A few weeks back, Emmy Jo got us thinking about girls’ names that are both pretty and ugly. To borrow a term from the French, they’re jolie-laid – beautiful because of their flaws. It’s easy to love the lyrical Olivia, the mellifluous Melisande. But there are scores of names for girls that rather harsh and yet terribly attractive at the same time.
In the midst of a scorching early summer heatwave, we’re looking north, to Scandinavia for today’s Name of the Day: Signe.
The letters of the name bring to mind the French word for sign, from the Latin signum. But the name is completely unrelated. In Old Norse, Signý meant “new victory” and was worn by several mythological figures. Sigr means victory and was the root of many a legendary name – one Signý had a twin called Sigmund and married a fellow called Siggeir. Another Signý was the daughter of Sigar – Siggeir’s nephew.
That’s one heck of a family tree to keep straight.
Signý’s adventures are several, but despite her bravery and faithfulness, she usually meets a gruesome end but remains celebrated in the arts. A popular folk song from the Middle Ages celebrated the love of Hagbard and Signhild. Composer Richard Wagner picked up elements of the tale for The Valkyrie, part of his Ring cycle, and called her Sieglinde. She pops up in the odd painting, too.
Pronounced SIG nee and now most commonly written as Signe, the name has been in steady use in Scandinavia for centuries. In fact, it popped up in the US regularly in the late 1800s and early 1900s during the peak of immigration from Norway, Sweden and Denmark. For baby girls born in the US, Signe reached #502 in 1892; the related Sigrid peaked at #682 in 1895. Neither name has been in the Top 1000 since 1917.
In Scandinavia, however, both names remain quite popular. In 2006, it was the 13th most popular name in Denmark, and remains a Top 100 choice in Norway, too.
It takes a bit of a rebel to send a pint-sized Signe off to school with Isabella, Sophia and Samantha. But after years of aggressively pretty girls’ names, there is something to be said for an appellation with a bit of Viking warrior spirit.
We should also consider the increasing popularity of Ingrid. Rarely used in the US prior to Ingrid Bergman’s arrival in Hollywood in the 1940s, today it has risen to #626. Some of that may be parents of Scandinavian descent searching for an appropriate heritage name. And others might be attempting to channel old Hollywood glamour without resorting to the hyper-popular Ava, Lauren and Audrey.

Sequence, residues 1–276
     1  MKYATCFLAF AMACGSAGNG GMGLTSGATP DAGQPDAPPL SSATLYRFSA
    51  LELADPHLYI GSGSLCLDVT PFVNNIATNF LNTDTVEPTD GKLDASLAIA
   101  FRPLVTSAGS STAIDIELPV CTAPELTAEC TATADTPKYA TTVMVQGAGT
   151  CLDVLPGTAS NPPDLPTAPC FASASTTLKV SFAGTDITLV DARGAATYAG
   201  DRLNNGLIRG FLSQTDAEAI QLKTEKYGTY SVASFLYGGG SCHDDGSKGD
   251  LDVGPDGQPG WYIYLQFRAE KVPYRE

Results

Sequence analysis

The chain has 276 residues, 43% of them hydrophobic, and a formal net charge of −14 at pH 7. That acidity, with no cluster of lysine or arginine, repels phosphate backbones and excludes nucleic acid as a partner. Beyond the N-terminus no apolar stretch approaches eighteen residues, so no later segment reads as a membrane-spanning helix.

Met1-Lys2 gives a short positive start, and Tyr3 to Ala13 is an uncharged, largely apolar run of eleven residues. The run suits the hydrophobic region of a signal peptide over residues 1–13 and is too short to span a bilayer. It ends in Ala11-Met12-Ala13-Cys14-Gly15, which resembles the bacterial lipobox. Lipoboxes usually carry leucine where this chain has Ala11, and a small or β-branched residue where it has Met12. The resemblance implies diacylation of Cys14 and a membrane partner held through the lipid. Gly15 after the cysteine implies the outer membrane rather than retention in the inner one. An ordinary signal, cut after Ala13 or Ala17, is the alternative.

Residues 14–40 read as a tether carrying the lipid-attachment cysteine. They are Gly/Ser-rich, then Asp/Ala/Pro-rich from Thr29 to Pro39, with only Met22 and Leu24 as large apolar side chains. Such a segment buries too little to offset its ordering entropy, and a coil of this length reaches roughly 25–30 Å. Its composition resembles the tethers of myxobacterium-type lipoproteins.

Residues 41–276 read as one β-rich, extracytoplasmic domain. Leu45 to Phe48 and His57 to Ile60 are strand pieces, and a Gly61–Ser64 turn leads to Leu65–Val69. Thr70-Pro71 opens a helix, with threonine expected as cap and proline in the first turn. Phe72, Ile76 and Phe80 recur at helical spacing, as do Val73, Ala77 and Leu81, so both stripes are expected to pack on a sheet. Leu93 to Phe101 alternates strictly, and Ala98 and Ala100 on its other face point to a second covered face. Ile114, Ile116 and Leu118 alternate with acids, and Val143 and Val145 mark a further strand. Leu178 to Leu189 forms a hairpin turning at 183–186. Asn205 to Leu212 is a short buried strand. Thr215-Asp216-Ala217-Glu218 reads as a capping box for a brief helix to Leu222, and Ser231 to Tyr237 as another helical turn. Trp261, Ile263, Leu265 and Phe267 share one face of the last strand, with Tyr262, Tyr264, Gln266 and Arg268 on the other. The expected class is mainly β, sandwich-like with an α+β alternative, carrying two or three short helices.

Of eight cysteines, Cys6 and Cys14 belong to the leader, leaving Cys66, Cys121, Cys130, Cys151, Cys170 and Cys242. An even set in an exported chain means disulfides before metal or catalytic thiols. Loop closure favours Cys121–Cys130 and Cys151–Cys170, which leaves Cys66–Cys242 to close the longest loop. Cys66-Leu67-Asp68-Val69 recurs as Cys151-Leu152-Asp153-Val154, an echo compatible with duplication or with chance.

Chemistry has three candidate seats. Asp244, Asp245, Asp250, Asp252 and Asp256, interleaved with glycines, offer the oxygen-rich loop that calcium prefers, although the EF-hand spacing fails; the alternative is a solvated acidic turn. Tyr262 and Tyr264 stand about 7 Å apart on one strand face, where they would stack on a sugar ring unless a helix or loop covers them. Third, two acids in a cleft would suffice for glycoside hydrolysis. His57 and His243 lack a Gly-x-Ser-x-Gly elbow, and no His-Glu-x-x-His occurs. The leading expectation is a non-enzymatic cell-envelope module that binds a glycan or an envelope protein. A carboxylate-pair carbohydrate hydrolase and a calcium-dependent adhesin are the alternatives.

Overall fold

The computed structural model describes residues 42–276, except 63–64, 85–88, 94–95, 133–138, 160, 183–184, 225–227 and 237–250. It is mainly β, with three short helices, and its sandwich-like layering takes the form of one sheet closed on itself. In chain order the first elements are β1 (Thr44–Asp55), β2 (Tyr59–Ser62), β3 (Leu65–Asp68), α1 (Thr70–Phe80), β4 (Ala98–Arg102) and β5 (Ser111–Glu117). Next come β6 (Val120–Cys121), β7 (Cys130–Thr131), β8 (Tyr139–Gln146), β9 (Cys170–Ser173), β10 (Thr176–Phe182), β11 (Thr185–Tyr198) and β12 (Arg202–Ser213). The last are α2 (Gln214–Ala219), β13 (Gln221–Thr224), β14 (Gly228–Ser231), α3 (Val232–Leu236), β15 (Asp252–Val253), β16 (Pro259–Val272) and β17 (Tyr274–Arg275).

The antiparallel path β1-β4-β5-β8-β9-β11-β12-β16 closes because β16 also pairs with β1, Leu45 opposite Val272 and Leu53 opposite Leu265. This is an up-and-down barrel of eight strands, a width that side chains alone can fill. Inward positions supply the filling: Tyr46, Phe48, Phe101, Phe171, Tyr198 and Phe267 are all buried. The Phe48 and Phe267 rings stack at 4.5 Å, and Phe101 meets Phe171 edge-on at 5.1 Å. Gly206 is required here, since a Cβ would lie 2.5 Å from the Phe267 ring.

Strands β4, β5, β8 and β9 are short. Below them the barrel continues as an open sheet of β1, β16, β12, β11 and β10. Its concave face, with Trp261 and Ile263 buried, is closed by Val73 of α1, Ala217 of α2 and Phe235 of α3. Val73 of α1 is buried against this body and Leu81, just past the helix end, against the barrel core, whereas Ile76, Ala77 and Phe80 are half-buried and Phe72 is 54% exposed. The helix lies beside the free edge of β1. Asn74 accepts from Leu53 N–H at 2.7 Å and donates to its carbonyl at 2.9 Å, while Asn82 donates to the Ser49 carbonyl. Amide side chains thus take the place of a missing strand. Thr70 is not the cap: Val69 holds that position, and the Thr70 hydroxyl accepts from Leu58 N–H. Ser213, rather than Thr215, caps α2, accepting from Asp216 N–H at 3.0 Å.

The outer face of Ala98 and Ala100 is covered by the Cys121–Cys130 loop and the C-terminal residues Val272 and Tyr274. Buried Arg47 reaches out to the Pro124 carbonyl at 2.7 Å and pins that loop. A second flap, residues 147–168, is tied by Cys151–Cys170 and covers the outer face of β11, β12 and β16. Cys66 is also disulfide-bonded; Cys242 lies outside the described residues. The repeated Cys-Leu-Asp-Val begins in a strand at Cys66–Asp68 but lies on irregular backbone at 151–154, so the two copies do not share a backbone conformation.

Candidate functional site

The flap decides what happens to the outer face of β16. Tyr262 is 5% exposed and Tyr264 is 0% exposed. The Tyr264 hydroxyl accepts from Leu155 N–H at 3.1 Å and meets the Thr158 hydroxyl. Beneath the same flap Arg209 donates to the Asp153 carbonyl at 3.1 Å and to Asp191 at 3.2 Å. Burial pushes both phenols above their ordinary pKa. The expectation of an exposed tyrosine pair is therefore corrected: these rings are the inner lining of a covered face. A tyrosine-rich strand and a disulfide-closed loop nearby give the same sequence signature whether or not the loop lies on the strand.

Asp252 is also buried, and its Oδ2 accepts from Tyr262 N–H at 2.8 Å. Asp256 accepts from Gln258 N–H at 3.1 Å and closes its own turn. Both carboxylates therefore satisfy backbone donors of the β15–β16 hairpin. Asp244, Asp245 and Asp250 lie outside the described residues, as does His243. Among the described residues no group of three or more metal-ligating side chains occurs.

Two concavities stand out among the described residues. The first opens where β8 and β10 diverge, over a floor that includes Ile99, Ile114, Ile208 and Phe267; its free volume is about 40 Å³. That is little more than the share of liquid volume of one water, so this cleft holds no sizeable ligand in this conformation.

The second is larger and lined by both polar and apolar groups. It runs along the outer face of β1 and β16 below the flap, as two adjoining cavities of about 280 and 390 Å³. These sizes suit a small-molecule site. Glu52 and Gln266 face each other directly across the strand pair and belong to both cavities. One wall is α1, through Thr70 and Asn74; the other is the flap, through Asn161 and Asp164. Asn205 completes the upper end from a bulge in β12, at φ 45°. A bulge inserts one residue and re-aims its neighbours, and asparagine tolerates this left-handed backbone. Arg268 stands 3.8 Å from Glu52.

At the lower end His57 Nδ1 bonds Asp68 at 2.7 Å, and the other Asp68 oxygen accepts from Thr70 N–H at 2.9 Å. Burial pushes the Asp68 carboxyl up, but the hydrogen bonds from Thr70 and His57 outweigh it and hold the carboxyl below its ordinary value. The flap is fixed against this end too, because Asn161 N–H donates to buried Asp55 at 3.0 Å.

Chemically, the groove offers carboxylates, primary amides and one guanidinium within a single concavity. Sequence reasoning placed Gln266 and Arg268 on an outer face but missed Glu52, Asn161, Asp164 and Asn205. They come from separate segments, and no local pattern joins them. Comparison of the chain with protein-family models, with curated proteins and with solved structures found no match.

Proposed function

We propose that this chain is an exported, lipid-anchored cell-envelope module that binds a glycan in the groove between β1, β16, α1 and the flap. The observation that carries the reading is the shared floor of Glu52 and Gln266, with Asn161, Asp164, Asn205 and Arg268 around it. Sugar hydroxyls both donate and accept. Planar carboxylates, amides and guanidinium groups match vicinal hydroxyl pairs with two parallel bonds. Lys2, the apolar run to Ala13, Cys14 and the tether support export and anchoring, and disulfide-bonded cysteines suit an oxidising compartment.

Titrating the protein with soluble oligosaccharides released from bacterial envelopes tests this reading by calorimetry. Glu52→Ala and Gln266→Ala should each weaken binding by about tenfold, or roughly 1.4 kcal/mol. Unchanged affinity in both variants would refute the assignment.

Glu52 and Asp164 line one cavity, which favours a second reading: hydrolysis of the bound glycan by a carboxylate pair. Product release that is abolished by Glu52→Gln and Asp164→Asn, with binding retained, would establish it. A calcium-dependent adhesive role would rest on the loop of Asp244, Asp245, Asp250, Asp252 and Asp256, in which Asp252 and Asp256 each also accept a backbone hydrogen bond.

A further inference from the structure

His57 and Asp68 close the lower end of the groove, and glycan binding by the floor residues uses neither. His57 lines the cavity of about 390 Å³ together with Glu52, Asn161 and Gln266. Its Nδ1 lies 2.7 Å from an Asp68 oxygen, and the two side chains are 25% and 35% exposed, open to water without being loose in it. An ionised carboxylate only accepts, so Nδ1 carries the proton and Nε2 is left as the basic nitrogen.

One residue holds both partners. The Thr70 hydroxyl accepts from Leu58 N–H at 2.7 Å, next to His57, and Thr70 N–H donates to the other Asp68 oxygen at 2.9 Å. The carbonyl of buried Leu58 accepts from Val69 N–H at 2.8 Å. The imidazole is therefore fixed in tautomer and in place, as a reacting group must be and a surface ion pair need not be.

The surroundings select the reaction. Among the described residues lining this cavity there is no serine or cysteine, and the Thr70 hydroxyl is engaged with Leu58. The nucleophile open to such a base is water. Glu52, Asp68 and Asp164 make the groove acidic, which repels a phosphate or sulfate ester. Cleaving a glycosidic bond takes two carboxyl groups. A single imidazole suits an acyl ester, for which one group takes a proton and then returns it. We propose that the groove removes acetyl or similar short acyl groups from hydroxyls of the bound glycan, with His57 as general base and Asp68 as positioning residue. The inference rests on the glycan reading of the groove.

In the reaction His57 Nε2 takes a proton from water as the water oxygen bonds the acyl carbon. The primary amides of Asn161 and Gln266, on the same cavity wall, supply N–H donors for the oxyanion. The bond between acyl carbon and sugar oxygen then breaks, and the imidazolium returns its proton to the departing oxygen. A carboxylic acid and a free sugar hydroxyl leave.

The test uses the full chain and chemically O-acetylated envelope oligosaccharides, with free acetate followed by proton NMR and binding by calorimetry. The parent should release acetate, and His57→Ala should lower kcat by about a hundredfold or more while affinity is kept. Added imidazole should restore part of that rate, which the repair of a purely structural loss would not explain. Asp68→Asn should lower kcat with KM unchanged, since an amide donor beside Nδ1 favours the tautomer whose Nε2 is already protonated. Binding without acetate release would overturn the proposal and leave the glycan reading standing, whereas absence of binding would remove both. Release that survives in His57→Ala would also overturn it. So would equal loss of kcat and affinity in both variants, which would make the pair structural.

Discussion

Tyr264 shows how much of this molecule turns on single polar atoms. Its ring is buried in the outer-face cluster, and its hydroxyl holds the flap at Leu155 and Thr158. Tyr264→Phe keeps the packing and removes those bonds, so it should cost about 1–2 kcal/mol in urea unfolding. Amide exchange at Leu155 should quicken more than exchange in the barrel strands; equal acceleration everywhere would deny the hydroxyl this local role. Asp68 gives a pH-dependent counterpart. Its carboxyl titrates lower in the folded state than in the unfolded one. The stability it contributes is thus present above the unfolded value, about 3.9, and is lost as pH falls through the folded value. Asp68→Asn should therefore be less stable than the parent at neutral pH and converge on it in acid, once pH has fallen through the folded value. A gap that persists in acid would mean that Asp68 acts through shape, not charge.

Those influences aside, we are hearing more girls’ names these days that are frills-free and unapologetically strong. Freya, Niamh, Harriet, Imogen and Martha are all in the Top 100 in the UK. While not every trend crosses the pond, we suspect that at least some popular girls’ names will start to sound less like ballerinas and more like battle maidens.
It’s one possible antidote to the last-names-first surname craze.
And so, if you are adventurous enough to set off for worlds unknown in a longship with a dragon figurehead leading your way, perhaps Signe is the right name for your daughter.
John R Challey says
My aunt was named Signe Falstad. She was a formidable serious-minded Norwegian-American woman who raise a large family. Her character definitely fit her name.
I should mention that the proper Norwegian pronunciation is Sing-ne. The g is silent. But our Signe was born in American of Norwegian parents so she will always be Sig-nee to us.
Thank you for the note on pronunciation, John! Have any of the original Signe’s descendants used the name?
Signe Moore… wow…that’s a great name!
Our 1-month old daughter (my blog title) is Signe Moore – We’re not Scandinavian, or even Northern European for that matter bit we searched long and hard for a distinctive, strong, independent and beautiful name that not every other Sophia or MAdeline would have.
We think we set her up pretty good 🙂
I went to school in elementary school with an Ingrid Elsdoerfer and a Sigrid Voelker. Very German girls. In junior high, there was a girl named Sigrid Simpson a grade below me, and high school had Ingrid Johannes and Ingrid Finnegan, one in my grade and one two above me.
I also remember some insipid Raffi song about children around the world. One of the lines ended with “… and Ingrid lives in Germany”
Kayt, did you really? I went to high school with a Sigrid – I’m fairly certain she was Thai, or in any case, not Scandinavian. She wore the name really well, but she was also drop dead gorgeous, so I suppose she would’ve made Ethel look good. 🙂
Hmmm … Signe and Sydney. Almost inevitably, Lola! It’s the short coming for almost any shorter given name, though – with the exception of a few really distinctive choices, I imagine every Abby gets called Debbie and every Callie gets called Kelly. Are there any mangle proof names out there? I’ll have to think about it. Rachel, maybe, or James.
That *is* a point in favor of some of your picks, though. Three syllables make it more likely the name will stand out. I love, love, love Ottilie. In fact, I’m putting her on the calendar for July 10’s Name of the Day. Very distinctive!
How funny that your MiL goes by Sue! I’d be Pandora without apology, but then, I didn’t go through middle school answering questions about letting misery into the world. 😉
Would Signe be confused when spoken with the oh so trendy Sydney? I think Siogne’s lovely, Woe that I had the right ancestry for her! (and she rhymes with my Scottish surname!). She’s atouch awkward but I find her as appealing as some of my favorites: Ottilie/Ottoline, Edith, Lucretia, Mathilda (only that spelling appeals) & Pandora (which is my MIL’s name(she goes by Sue).
That’s so funny! I went to school with two Sigrids and three Ingrids in different schools on different sides of the country. I had no idea they were rare. Signe is awkward looking, but really nice at the same time.